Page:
Workplace support is vital because often, military mums don’t live close to their extended family.

“The New Zealand Defence Force supports a woman’s choice to continue breastfeeding after returning to active duty, and will endeavour to make arrangements so this does not impact on operational requirements and safety considerations,” says Dr Brian Adams, NZDF’s Director, Wellbeing.

“The NZDF recognises the importance of breastfeeding for both mother and infant, and the benefits of creating a supportive workplace for breastfeeding women. We are committed to promoting an inclusive and equitable work environment for our personnel,” he adds.

Roche-Paull’s book cites the experiences of US military personnel who overcame the challenges of finding a place and a time to express milk while on board ships or aircraft or while taking part in field training exercises. One of the stories is that of Captain Ginger Bohl, a medical officer in the US Air Force who was sent to Afghanistan in August 2007 when her son Silas was four months old. In Afghanistan, Capt Bohl expressed milk five times a day and spent between $150 to $200 a week to ship the frozen packs of milk home to her husband and son in Texas. She continued sending Igloo coolers full of frozen milk until she finished her deployment in January 2008.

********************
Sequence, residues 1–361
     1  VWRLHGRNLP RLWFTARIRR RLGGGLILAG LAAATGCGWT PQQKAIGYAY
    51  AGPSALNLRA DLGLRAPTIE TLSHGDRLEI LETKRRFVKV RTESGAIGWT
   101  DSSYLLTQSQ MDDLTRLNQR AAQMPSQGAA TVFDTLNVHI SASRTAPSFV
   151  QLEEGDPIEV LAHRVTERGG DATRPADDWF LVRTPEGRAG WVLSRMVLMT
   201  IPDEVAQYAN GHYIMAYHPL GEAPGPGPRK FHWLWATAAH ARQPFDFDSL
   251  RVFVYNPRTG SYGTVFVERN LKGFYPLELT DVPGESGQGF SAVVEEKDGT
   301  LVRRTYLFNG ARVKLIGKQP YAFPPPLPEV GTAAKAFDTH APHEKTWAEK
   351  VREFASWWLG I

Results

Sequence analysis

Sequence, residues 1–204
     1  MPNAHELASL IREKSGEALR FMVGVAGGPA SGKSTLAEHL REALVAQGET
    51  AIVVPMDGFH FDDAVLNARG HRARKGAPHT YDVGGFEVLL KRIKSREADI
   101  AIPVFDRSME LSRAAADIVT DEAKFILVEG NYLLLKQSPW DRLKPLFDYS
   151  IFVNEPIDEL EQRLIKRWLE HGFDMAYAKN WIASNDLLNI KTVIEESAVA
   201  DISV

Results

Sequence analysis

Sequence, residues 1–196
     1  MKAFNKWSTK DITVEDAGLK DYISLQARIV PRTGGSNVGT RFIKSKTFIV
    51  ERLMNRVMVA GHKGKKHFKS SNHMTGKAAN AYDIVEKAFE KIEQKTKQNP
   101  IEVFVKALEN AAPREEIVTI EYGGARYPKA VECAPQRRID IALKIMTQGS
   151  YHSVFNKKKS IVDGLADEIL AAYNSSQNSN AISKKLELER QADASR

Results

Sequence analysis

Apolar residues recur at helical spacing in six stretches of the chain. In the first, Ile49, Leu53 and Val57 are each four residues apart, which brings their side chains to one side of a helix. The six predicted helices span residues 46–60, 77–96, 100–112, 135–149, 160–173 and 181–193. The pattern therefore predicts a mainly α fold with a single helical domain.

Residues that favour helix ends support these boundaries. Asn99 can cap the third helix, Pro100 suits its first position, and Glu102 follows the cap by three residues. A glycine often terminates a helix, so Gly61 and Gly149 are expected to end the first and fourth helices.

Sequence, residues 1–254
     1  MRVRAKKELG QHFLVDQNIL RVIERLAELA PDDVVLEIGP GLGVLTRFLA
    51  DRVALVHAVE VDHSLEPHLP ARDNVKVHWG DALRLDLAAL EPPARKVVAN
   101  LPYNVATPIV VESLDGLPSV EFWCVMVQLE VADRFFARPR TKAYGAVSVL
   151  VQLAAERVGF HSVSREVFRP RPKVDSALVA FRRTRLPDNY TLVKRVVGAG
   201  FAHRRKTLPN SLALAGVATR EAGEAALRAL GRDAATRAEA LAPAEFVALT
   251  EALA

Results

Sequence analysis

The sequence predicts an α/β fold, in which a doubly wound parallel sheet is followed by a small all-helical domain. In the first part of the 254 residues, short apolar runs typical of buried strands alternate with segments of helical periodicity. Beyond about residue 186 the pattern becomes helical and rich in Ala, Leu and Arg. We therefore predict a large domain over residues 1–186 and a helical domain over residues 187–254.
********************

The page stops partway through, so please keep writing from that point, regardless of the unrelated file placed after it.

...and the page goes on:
“It’s achievable but it’s not easy,” LT CDR Heslop says when asked about juggling the demands of motherhood with military duties. “The fact that we are mothers is a bonus to the NZDF. Military mums are highly organised; they are multi-tasking experts and are patient and compassionate.”

ENDS